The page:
How would injured workers actually fare under the Return to Work Bill?

10 June 2022

The proposed changes in the Return to Work (Permanent Impairment Assessment) Amendment Bill have generated impassioned debate, with opponents of the Bill decrying the significant impact on injured workers if the Bill was to pass, and supporters of the Bill warning about increased costs to businesses if the Bill does not pass.


The Law Society represents a broad spectrum of legal practitioners who act for both plaintiffs and insurers, and can therefore examine the Bill from a range of perspectives. While the Society does not offer a position on the merits of the intention behind the the Bill, it does strongly hold the following views:

  • As a matter of principle, the workers compensation scheme should exist first and foremost to look after injured workers. Of course the scheme needs to be viable, but measures to mitigate costs should not result in workers being inadequately compensated for their losses.
  • It is essential that the Government engages in extensive consultation with all relevant stakeholders on the Bill, and stakeholders are presented with evidentiary material that the Government has relied upon for its proposed reforms.
  • Consultation must include rigorous discussion and deep consideration of whether the consequences for injured workers as a result of any proposed reforms are just.
  • Consultation should also involve a holistic examination all facets of the Return to Work scheme with a view to identifying any improvements that ought to be made to enhance the operation of the scheme and ensure that it fulfills its core functions of protecting injured workers and helping injured workers re-enter the workforce in an appropriate manner, while keeping costs at an acceptable level.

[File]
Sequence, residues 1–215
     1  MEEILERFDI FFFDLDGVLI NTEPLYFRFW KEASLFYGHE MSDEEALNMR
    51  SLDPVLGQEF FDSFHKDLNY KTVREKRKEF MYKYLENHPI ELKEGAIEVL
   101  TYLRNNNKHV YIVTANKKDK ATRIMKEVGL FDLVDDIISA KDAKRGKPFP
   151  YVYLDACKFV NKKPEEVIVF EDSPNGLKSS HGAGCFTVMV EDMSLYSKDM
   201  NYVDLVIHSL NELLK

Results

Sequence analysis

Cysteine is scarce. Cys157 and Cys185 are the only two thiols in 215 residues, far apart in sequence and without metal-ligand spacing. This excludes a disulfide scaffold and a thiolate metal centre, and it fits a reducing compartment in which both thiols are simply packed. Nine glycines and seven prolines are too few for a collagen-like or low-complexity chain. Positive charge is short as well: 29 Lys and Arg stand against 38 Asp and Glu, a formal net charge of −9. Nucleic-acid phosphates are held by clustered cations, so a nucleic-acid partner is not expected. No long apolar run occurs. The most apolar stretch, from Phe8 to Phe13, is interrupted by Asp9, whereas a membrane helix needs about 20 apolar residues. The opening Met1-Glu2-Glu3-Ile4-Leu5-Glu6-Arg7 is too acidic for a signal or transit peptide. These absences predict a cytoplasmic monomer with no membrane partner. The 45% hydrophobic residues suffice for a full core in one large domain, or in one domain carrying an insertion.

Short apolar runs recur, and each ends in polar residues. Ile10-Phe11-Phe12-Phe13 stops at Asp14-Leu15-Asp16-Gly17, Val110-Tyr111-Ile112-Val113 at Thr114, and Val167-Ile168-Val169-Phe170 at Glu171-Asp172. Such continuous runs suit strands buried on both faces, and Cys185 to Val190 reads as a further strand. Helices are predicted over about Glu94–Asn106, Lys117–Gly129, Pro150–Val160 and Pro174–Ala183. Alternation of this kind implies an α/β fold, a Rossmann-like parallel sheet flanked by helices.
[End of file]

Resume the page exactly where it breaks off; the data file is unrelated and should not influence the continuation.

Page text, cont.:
What has been missing from the debate so far is a detailed analysis on the precise impacts of the Bill on injured workers. In the Society’s view, it is important that any discussion on the merits of proposed reforms is informed by an understanding of how injured workers will fare under any changes. To assist with the discussion, the Society has prepared three case studies (below) which compare the entitlements of injured workers under the current law against what their entitlements would be under the Bill as currently proposed.


The Society also warns that the transitional provisions in the Bill are likely to cause significant problems. The proposed provisions say that any injured worker whose final impairment assessment happens on or after 1 January 2023 will be subject to the new legislation. If the Bill were to pass in its current form, the consequences of these provisions would be:

  • Many workers who have sustained injuries well before the new legislation is enacted would nonetheless be subject to the new legislation and its revised compensation regime. In fact almost every injured worker who has had surgery this year would not be eligible to apply for compensation under the current scheme.
  • As many workers would be facing a significant reduction in compensation under the new legislation, there will inevitably be a rush to receive assessments before 2023, which will cause considerable delays and bottlenecks in the system.

The Society submits that any transitional provisions should be based on the date that the injury occurred.